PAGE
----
Variants of MT “should not be called correction or emendation of MT, because MT is merely one of the witnesses of the biblical text, even if the major one” 5, fn 2

Again, p 7, “MT is but one witness of the biblical text, and its original form was not identical to the original text of the Bible as a whole.” 7

“…one Greek translation must be presupposed as the base of the manuscripts of most, if not all, the books of the LXX. The original wording of this translation was not long preserved in pure form. With the beginning of the textual transmission of the original translation in different scrolls, it split into several secondary textual traditions, since various types of corrections (mainly towards the Hebrew) were inserted in individual scrolls.” 11

“…the ‘LXX’ corpus contains translations of different types, early and late, original and revised, official and private. These differences can sometimes be expressed in terms to the degree of freedom or literalness…in very few cases can more than one book be ascribed to a given translator. Most books were produced by different individuals, though probably one person translated Jeremiah, Ezekiel, and the Minor Prophets…and different individuals probably translated 1 Esdras and Daniel…and Job and Proverbs.” 16

“The ultimate purpose of the text-critical analysis of the LXX is to isolate deviations in that translation that presumably were based on a Hebrew Vorlage different from the MT and, accordingly, to reconstruct elements in that Vorlage. That is a complicated process, and the more one recognizes the problems involved, the more one realizes how hazardous the undertaking is.” 18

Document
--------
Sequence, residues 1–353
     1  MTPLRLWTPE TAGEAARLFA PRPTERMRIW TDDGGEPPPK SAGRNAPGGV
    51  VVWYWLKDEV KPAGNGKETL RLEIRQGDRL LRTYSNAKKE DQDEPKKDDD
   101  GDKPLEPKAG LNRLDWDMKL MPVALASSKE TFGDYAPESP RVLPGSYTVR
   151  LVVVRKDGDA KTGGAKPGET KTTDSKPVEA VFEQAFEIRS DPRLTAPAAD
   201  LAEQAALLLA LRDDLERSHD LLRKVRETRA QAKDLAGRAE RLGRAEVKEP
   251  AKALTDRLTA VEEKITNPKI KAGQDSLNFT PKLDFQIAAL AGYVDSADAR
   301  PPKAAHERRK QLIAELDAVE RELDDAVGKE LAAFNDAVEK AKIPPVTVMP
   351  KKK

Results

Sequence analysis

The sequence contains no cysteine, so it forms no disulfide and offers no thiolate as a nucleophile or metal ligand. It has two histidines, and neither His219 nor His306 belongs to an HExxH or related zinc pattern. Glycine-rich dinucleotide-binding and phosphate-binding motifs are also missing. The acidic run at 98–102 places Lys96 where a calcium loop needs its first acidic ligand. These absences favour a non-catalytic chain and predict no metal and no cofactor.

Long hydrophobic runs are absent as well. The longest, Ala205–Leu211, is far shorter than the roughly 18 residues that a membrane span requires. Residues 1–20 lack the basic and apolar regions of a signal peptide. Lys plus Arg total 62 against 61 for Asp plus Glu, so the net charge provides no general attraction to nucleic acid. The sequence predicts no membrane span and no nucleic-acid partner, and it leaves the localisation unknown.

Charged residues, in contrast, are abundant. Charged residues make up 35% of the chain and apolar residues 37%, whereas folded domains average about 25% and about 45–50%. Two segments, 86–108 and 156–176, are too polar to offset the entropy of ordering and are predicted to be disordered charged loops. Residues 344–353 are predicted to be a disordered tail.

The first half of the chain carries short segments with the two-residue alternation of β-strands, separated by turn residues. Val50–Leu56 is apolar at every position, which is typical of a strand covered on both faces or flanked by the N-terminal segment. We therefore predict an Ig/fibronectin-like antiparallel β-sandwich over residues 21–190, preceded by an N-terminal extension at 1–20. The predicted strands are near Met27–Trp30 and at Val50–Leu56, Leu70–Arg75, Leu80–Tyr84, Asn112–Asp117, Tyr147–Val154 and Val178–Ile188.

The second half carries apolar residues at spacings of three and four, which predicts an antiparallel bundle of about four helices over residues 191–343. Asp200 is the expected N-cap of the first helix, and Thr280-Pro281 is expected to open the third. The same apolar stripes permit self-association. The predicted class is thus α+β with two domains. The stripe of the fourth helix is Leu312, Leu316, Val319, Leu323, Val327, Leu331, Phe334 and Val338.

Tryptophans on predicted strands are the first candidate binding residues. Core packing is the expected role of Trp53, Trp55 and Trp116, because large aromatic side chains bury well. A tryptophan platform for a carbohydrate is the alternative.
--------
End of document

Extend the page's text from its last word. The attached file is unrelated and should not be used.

“When analyzing the text-critical value of deviations from MT in the LXX, one constantly oscillates between the assumption of inner-Septuagintal factors (exegesis and textual corruption) and underlying Hebrew variants.” 48

“retroversions are based either on vocabulary equivalences between the LXX and the MT which are found elsewhere in the LXX and which are not problematic…or they are based on the scholar’s intuition.” 64

“Much depends on one’s textual judgment, much on one’s linguistic feeling, and even more on the analysis of the translation techniques involved.” 66

“Too often and without justification scholars assumed that the parent text of the LXX translation always represented its Vorlage in a literal fashion….Such retroversions are commonly called automatic or mechanical…BH has elicited a great deal of criticism for failing to exercise enough caution in this matter.” 73-74